From the coefficients C (a, b), for a regular walking, a three dimension spectral image 120 (FIGS. 7 and 8) is built up, corresponding respectively to time, frequency and spectral energy. Such image 120 is represented in a plane time-frequency (or time-scale) with a linear scale for time (axis 3, sec) and a semi-logarithmic scale for frequency (axis 37, Hz). The wavelet energy module (g2) is represented by coloured contours.
 Similarly, a spectral image 150 of the Morlet wavelet transform of the vertical acceleration (FIG. 10) is obtained for pathological walking corresponding to FIG. 9.
 The energy density on the enlargement 130 and the spectral image 150 is expressed in acceleration (g2).
 On the spectral images 120 and 150 is defined a low frequency band having lower 121 and higher 122 limits associated with values of 1 Hz and 4 Hz. In the case of a regular walking, the spectrum energy density is mainly concentrated within such band. A regular zone 123 comprised within the frequency band and a pathological zone 124 located above this band are more precisely defined.
 It is observed in fact that, for a regular walking of the subject (FIG. 7 and enlargement 130 of FIG. 8), the spectral energy is essentially concentrated in the zone 123, periodical low peaks 125-128 appearing in the pathological zone 124 and corresponding to walking cycles of the subject 60.
 In contrast, on the spectral image 150 associated with the pathological walking of the subject 90,
 a fall of the total spectral energy,
 high frequency peaks 155-158 having a significant energy density exceeding the limit 122 of 4 Hz, and
 such peaks 155-158 having periodicity and regularity alterations in time and frequency,
 are observed.
 The peaks 155-158 can be interpreted by stating that the more graphically irregular their shape, the more altered are the walking dynamics and regularity.
 Besides this graphic information, quantitative information is calculated as explained hereafter. In particular, on the spectral images 120 and 150, the total quantity of spectral energy as well as the margin spectral energy on the frequency axis 37 corresponding to an energy higher than the limit 122 of 4 Hz are determined. The data being accumulated on reference cases show that this margin energy is higher than 6% for a pathological walking.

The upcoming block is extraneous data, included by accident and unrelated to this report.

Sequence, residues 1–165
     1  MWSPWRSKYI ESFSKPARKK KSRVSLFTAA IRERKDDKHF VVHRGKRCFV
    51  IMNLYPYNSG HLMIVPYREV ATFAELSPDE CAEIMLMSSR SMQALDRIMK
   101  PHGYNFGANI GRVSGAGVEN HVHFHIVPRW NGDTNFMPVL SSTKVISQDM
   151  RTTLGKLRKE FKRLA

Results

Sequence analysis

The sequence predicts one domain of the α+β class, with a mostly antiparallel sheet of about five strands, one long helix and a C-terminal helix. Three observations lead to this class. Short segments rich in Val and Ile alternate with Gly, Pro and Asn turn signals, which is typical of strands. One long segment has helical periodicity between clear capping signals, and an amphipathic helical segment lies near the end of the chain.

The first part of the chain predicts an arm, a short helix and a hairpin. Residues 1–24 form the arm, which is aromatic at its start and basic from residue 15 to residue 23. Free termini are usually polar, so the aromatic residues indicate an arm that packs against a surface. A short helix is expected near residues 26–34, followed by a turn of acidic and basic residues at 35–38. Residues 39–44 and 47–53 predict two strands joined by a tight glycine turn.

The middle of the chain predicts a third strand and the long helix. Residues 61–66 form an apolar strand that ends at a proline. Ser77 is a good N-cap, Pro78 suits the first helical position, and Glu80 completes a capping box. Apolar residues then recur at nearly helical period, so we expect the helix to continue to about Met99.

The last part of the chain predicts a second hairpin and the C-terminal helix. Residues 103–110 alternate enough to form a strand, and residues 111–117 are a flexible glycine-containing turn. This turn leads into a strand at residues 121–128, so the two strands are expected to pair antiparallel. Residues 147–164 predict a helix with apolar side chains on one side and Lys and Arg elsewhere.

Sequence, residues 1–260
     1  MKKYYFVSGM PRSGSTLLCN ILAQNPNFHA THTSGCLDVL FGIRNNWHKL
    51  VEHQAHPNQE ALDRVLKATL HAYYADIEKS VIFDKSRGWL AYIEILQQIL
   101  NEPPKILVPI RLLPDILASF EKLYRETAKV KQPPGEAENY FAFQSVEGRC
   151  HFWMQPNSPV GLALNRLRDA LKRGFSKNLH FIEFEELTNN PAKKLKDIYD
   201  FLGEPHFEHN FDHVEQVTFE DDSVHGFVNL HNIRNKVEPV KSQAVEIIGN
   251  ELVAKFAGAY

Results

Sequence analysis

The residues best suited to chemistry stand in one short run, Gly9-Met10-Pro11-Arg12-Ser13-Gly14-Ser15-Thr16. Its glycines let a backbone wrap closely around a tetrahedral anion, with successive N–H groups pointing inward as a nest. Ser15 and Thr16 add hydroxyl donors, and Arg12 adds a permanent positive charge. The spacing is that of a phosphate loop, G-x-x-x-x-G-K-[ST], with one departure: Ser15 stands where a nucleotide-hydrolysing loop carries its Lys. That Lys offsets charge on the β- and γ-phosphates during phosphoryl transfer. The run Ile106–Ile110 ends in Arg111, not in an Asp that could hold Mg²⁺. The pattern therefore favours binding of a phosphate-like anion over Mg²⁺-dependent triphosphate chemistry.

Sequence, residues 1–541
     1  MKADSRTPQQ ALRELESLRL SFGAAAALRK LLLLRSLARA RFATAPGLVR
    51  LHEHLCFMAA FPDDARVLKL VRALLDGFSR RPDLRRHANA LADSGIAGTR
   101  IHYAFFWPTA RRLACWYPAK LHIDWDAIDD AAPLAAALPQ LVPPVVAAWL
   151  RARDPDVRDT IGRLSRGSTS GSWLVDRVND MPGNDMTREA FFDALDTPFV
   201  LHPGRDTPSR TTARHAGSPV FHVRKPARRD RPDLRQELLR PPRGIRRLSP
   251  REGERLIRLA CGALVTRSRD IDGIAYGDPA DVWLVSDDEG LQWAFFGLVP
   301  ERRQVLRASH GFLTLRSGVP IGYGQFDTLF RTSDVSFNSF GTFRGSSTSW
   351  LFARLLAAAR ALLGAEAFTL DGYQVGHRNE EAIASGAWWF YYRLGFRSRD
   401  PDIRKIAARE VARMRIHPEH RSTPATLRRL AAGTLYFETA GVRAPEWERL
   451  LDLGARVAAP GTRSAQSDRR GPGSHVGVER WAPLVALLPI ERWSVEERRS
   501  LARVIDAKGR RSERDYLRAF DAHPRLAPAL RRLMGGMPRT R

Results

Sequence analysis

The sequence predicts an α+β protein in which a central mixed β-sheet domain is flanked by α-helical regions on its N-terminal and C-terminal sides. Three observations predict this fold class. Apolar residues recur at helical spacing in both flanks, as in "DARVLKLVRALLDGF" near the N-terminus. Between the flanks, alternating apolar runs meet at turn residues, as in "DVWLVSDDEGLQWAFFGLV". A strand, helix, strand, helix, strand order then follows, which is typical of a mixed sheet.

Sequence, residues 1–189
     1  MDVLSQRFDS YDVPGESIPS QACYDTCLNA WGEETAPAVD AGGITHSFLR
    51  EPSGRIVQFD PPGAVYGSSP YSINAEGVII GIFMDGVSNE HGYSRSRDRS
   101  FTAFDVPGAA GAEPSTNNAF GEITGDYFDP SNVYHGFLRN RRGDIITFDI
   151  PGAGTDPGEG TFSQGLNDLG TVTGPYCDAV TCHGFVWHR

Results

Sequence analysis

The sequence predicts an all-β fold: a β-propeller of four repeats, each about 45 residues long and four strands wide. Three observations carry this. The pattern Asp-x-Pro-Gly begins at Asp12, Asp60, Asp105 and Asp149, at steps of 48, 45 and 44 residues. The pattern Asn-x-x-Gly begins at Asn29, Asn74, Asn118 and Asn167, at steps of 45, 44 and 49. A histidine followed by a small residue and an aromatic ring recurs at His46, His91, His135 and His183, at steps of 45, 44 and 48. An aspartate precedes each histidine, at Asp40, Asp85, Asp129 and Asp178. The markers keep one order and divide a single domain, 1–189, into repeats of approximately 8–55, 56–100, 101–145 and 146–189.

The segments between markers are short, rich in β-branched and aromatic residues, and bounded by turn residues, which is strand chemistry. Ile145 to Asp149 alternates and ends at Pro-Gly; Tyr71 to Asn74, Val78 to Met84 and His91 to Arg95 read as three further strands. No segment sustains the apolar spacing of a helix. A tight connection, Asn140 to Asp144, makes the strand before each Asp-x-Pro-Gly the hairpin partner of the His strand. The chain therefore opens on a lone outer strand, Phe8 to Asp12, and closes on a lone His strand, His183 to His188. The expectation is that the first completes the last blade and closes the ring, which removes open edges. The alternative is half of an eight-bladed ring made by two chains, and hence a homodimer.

Thus, for the regular walking of example (FIGS. 7 and 8) a total energy of 22.97 g2 and a margin energy representing 5.3% are obtained and, for the pathological walking (FIG. 10) a total energy of 2.50 g2 and a margin energy representing 15.4%.
 In the case of a quite altered walking with high frequency patterns of very different form and energy, the punctual value of the energy module is measured on the spectral image.
 Other analysis techniques complete preferably the so-obtained information. In particular, it is interesting to go deeper into the information obtained by a frequency analysis and a calculation of the symmetry and regularity through the autocorrelation function as indicated in the article from AUVINET et al. supra. That way:
 a stride frequency of 1.00 stride per second,
 a stride symmetry of 95.01% with a z Fischer transform of 183.25, and
 a stride regularity of 186.27 (on 200) with a z Fischer transform of 337.56 are obtained for the regular walking supra.
 A stride frequency of 0.88 stride per second (too a slow frequency),
 a stride symmetry of 95.57% with a z Fischer transform of 189.35, and
 a stride regularity of 160.93 (on 200) with a z Fischer transform of 222.41 (abnormal regularity)
 are obtained for the pathological walking of the example (FIGS. 9 and 10).
 Such results are coupled with those obtained with the wavelet transforms. In particular, the peaks 125-128 or 155-158 are put in relationship with the stride frequency, their right/left alternation with symmetry and their similarity with the stride regularity.
 Advantageously, such results obtained with wavelet transforms are also completed through a vectogram (“front butterfly”) such as the one 160 (FIG. 11) obtained for the regular walking of the example (FIGS. 6 to 8) giving the vertical acceleration (axis 32, g) as a function of the lateral acceleration (axis 33, g). On the front butterfly 160 cyclic paths 161-163 are observed that have a tendency to be all the more superimposed in each other since the walking is regular. In pathological cases, such cyclic paths deviate from each other in an identifiable and analysable manner.